V20 - no thread
    upload_2017-6-17_19-36-10.png

    V20 - with thread
    upload_2017-6-17_19-36-45.png

    V21
    upload_2017-6-17_19-37-21.png

    The totals compare roughly like this:

    0:1:2 ... 122:178:183

    (a little worse, actually, than the 40:51:53 ratios I mentiones earlier). What does that thread in v20 do?

    Here's my most recent test after more than 2 hours.
    Code:
    Elapsed: 141.05 min
    
    V20-nothread
    Cycles  0.00036%
    
    V20-thread
    Cycles  0.00047%
    
    V21
    Cycles  0.00056%
     
  8. rconn

    rconn Administrator
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    Nope. As I said, v21 has no monitoring thread (period) if you're not monitoring anything. There is no functionality in the main thread for the monitoring functions.

    Not reproducible here (v21 x64, Windows 10). Using the same test, v21 is substantially faster than v20, and uses fewer cycles.

    When I have some free time, I'll fire up an x86 Win 7 VM and try it there (but if it's an x86 issue I will not follow it any further).

    I am curious though -- you've said (many times) that you don't care about performance, but you seem agitated here about a few microseconds??? If you're comparing idle v20 sessions with & without the monitoring thread, then yes, the monitoring thread will add a few milliseconds over the course of several hours. (Were you saving those cycles for something?) If your TCC session is actually doing something, you will never be able to distinguish the monitoring thread time.

    But you'd have to be running an idle TCC session for several decades for it to use a fraction of the time you've spent in this thread ...
     
  9. vefatica

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    You have said twice now that I'm not concerned with performance. Where did you get that impression? I'm obsessed with performance, even when it has no practical implications. Besides that, investigating performance issues in just plain fun.

    You haven't said ... what does that v20 thread (starting at AllocDup+0x2C0) do?
     
  10. rconn

    rconn Administrator
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    Well, for instance, in this thread you said you didn't care about anything except startup time:

    psoft.com/forums/threads/tcc-takes-time-to-show-registered-to.8111/#post-46168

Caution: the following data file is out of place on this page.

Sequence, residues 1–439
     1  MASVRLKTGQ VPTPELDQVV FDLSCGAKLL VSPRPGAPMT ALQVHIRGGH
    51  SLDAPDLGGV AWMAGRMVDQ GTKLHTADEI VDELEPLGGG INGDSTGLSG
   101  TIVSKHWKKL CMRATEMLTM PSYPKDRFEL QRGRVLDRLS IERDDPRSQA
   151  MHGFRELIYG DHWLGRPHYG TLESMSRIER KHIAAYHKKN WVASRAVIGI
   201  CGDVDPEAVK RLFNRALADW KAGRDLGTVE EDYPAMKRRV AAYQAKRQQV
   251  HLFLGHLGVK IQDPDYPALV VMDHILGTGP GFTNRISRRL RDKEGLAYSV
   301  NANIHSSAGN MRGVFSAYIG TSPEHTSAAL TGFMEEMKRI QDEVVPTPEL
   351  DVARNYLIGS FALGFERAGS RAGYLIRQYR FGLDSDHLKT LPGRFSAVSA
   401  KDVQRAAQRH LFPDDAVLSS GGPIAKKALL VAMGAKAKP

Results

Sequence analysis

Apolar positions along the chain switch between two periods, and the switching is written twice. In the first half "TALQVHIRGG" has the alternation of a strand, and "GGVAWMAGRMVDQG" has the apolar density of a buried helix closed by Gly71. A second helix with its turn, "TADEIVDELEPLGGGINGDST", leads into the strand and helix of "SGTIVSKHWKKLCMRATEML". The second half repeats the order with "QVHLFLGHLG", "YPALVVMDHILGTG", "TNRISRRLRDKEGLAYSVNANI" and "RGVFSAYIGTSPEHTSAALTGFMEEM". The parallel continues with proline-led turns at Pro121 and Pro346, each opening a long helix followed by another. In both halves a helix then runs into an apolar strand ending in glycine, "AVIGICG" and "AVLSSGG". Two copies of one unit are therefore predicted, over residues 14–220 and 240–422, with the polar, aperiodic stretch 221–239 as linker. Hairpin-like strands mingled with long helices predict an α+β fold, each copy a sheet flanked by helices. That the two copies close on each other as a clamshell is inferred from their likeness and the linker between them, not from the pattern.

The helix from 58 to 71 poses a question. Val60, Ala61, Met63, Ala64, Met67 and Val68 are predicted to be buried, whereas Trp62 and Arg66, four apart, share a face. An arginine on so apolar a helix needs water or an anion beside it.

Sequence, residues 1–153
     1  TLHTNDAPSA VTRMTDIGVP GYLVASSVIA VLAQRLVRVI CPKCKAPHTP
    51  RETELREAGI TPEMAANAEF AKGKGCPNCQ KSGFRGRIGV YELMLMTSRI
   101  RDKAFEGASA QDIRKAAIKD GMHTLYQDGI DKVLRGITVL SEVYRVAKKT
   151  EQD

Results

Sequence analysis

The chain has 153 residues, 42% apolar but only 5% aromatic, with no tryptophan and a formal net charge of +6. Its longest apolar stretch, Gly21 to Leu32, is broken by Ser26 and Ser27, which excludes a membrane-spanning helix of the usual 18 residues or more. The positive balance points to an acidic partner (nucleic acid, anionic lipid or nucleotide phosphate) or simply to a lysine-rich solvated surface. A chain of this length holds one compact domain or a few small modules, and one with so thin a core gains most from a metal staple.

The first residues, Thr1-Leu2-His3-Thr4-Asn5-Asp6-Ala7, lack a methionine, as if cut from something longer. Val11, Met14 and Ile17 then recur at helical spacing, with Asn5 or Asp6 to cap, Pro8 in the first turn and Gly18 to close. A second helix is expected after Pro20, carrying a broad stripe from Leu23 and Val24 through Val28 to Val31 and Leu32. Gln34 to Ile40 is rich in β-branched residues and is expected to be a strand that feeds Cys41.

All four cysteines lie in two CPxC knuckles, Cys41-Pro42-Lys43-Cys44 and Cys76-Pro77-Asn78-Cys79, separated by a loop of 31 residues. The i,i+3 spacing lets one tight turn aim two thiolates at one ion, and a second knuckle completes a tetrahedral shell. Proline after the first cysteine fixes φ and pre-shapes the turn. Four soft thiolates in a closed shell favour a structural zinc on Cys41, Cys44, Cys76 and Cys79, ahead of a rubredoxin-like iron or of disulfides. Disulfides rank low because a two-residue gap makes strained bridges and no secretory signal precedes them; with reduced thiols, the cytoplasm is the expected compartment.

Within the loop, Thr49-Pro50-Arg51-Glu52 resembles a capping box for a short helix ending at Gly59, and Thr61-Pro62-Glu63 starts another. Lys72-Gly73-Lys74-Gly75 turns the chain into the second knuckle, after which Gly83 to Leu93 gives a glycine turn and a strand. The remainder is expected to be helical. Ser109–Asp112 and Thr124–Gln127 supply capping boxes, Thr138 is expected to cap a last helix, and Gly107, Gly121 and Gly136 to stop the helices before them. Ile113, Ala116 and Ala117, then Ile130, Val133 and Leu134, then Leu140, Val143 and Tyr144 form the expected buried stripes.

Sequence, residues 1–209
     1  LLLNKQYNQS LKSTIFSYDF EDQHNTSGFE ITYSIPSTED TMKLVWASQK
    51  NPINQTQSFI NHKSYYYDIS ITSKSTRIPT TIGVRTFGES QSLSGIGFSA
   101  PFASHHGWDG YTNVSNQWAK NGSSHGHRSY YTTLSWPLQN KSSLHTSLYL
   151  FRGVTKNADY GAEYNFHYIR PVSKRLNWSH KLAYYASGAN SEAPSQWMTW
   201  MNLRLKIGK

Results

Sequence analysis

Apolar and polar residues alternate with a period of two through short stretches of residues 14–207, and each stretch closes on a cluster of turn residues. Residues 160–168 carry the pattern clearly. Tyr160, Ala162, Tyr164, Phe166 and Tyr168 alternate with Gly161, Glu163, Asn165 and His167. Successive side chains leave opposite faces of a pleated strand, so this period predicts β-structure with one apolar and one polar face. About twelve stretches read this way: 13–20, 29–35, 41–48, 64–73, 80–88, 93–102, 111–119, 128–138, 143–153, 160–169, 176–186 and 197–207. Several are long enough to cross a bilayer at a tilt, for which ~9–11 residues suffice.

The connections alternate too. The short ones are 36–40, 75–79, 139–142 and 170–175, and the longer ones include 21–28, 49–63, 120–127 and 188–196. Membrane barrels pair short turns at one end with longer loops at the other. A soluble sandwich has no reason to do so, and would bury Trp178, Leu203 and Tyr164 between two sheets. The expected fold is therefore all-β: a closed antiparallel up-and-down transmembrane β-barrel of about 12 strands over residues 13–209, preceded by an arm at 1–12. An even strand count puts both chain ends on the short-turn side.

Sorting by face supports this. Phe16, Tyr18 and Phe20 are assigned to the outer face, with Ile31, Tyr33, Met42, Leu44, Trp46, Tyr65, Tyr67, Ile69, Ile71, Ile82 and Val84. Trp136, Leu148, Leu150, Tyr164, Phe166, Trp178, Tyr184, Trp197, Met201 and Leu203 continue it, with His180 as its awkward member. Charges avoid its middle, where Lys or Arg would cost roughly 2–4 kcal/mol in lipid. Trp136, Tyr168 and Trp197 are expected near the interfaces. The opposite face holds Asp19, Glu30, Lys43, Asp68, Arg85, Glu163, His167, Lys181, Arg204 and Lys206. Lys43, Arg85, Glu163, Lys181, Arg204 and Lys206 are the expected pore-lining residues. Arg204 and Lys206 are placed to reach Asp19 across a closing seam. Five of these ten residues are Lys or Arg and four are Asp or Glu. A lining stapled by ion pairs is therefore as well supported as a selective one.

And again:

    jpsoft.com/forums/threads/tcmd-v19-0-7-x86-uploaded.6972/#post-40189

    If you actually *did* care about performance, you wouldn't be running Windows 7 x86 (which is the surest known way to cripple a computer -- short of running Vista x86).

    I did say - in v20, there are three (permanent) threads, one for the main TCC thread, one for IPC (mostly with TCMD), and one for xxxMONITOR polling. Only the main thread consumes any significant amount of CPU. In v21, the only permanent threads are the main thread and the IPC thread.
     
  11. vefatica

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    It is still not clear to me. When I stop the v20 thread (at AllocDup+0x2C0) I get a significant reduction in cycle count. What does that thread do and what is not being done when it's suspended.
     
  12. rconn

    rconn Administrator
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    It wakes up, scans the 100 possible monitor slots, checks the status if any of them are active (and processes the results if they have triggered), and then goes back to sleep. You might see it use as much as a couple of microseconds every few minutes if you don't have any monitors active.

    And it's irrelevant now because v21 doesn't do that.
     
  13. vefatica

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    Thanks for that info. With WinDbg I saw it looping for a count of 100 and couldn't even guess what it might be doing.

    v21's cycle usage of the largest of the three mentioned earlier. Don't you see that?
     
  14. rconn

    rconn Administrator
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    Nope. And your "cycle usage" is infinitesimal even in your worst case.